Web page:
They only want a kindness, but beware, for if you have no coin, they will curse you black and blue.
1620s Lancashire. Away from the village lies a small hamlet, abandoned since the Plague, where only one family dwells amongst its ruins. Young Sarah Haworth, her mother, brother and little sister Annie are a family of outcasts by day and the recipients of visitors by night. They are cunning folk: the villagers will always need them, quick with a healing balm or more, should the need arise. They can keep secrets too, because no one would believe them anyway.
When Sarah spies a young man taming a wild horse, she risks being caught to watch him calm the animal. And when Daniel sees Sarah he does not just see a strange, dirty thing, he sees her for who she really is: a strong creature about to come into her own. But can something as fragile as love blossom between these two in such a place as this?
When a new magistrate arrives to investigate the strange ends that keep befalling the villagers, he has his eye on one family alone. And a torch in his hand.
Cunning Women is the powerful reckoning of a young woman with her wildness, a heartbreaking tale of young love and a shattering story of the intolerance that reigned during the long shadow of the Pendle Witch Trials, when those who did not conform found persecution at every door.
Being a Lancashire girl myself, I’ve grown up hearing about the injustice and intrigue surrounding the Pendle Witch Trials of 1612. 400 years on, they are still quite a big deal around here. In local schools, we teach about how the twelve accused were charged with the murders of ten people by the use of witchcraft. Ten of these ‘witches’ were found guilty and executed for their ‘crimes’. We know their names and we are familiar with their stories.
This novel is set a decade afterwards, in the shadow of those trials. It is not a good time to have marked skin or to be dishing out herbal cures and curses to your neighbours, but Sarah Haworth’s family do just this. Lee develops a real sense of desperation in this novel, and it is clear that Sarah’s family are really living life on the edge – something is bound to tip the balance. The family are desperately poor, and make money were they can. Feeling that they have the ‘gift’, Sarah and her mother take their chances in order to survive, whilst Sarah’s brother treads an equally dangerous path by stealing from others.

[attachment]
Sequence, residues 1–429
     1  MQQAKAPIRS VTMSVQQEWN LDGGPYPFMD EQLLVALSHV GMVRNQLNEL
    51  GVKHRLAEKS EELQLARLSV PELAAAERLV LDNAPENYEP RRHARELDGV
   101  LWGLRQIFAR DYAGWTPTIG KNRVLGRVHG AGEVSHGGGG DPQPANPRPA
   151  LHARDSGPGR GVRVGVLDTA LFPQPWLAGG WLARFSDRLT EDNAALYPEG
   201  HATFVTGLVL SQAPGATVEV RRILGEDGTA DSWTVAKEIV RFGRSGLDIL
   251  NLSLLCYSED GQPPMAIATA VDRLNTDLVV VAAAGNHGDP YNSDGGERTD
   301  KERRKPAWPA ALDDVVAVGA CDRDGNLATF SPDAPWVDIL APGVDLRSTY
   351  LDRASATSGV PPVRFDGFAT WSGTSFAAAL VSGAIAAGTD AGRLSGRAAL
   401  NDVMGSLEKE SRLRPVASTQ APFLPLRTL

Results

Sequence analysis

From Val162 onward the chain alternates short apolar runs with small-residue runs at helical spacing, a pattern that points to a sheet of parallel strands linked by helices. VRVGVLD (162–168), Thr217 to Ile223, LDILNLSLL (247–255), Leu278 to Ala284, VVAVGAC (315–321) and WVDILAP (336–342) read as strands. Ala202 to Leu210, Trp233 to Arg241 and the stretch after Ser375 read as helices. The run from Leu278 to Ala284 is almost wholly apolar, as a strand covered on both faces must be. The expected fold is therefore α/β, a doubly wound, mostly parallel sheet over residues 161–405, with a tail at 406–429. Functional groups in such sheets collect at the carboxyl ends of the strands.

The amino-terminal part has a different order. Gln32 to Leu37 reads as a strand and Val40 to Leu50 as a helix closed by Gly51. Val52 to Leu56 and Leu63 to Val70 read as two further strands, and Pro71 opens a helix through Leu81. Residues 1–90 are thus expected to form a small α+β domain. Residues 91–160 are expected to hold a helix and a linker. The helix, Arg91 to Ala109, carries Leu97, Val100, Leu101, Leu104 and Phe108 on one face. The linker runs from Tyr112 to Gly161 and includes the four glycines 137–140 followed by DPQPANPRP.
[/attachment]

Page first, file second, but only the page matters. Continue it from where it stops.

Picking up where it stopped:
I’ll admit that I was expecting this novel to be centred on witch trials – perhaps picking up the stories of those who had been left behind in their aftermath. It’s not. I quite liked that this family aren’t classed as witches. Whilst the family are seen as being different and the villagers are wary of them, they are known to be cunning folk: they are also held in a certain respect, and their help is sought in times of need.
The relationship between Sarah and Daniel is central to this story, and I’d describe it as a historical romance rather than an exploration of witchcraft. Their relationship certainly has an interesting dynamic to it and they experience a rollercoaster of events.
In terms of the novel’s themes, witchcraft is not really one of them, and this may disappoint some readers. There is still plenty to this book, however. There has been plenty written about the witch trials themselves, and this is an interesting examination of what life was like for the poorest and most vulnerable in society in the 17th century – not a place I’d fancy timetravelling to myself. In the shadow of King James’ ‘Demonology’, fear and suspicion rise quickly to the surface.
This is a tale of betrayal and naivity, and also hope.
Is it Lancashire?
The only thing that irked me about this book is that, despite having lived in Lancashire all my life, I really didn’t recognise this as the novel’s setting. There was a lot of talk about people being fishermen, and having their nets and catches either cursed or blessed. Fishing is not a viable industry in the shadow of Pendle Hill. Perhaps it was set near to Morecombe, or Blackpool, but this wasn’t very clear at all. In fact, I’m now wondering if it’s actually meant to be set in Lancashire at all, or whether it is merely near to the trials in time rather than place.
One of the main problems that audiobook ‘readers’ experience is that it’s virtually impossible to recap on details that you’ve forgotten or missed. I hope that the author will forgive me if it’s just me not registering details about where the novel is actually set, but I found it all very vague, and would have valued more mentions of place names and descriptions of the setting, Lancashire or otherwise.
How does it rate as an audiobook?
This audiobook is read by Taj Atwal, a British actress born in Norwich, and is best known for playing the role of Jasminder in ‘Stella’. Her most recent role is that of ‘Jasmin’ in the new Kay Mellor British drama comedy, ‘In the Club’.
Atwal’s voice is warm and empathetic. I enjoyed listening to her reading and it was well-paced and full of emotion. I felt that it added another level to the narrative and would recommend this audio version to others.
Thank you to Net Galley UK and the publisher for letting me listen in advance in exchange for my honest review.
The audiobook of ‘Cunning Women’ is due to be published by Penguin Random House UK Audio on 21st April 2021.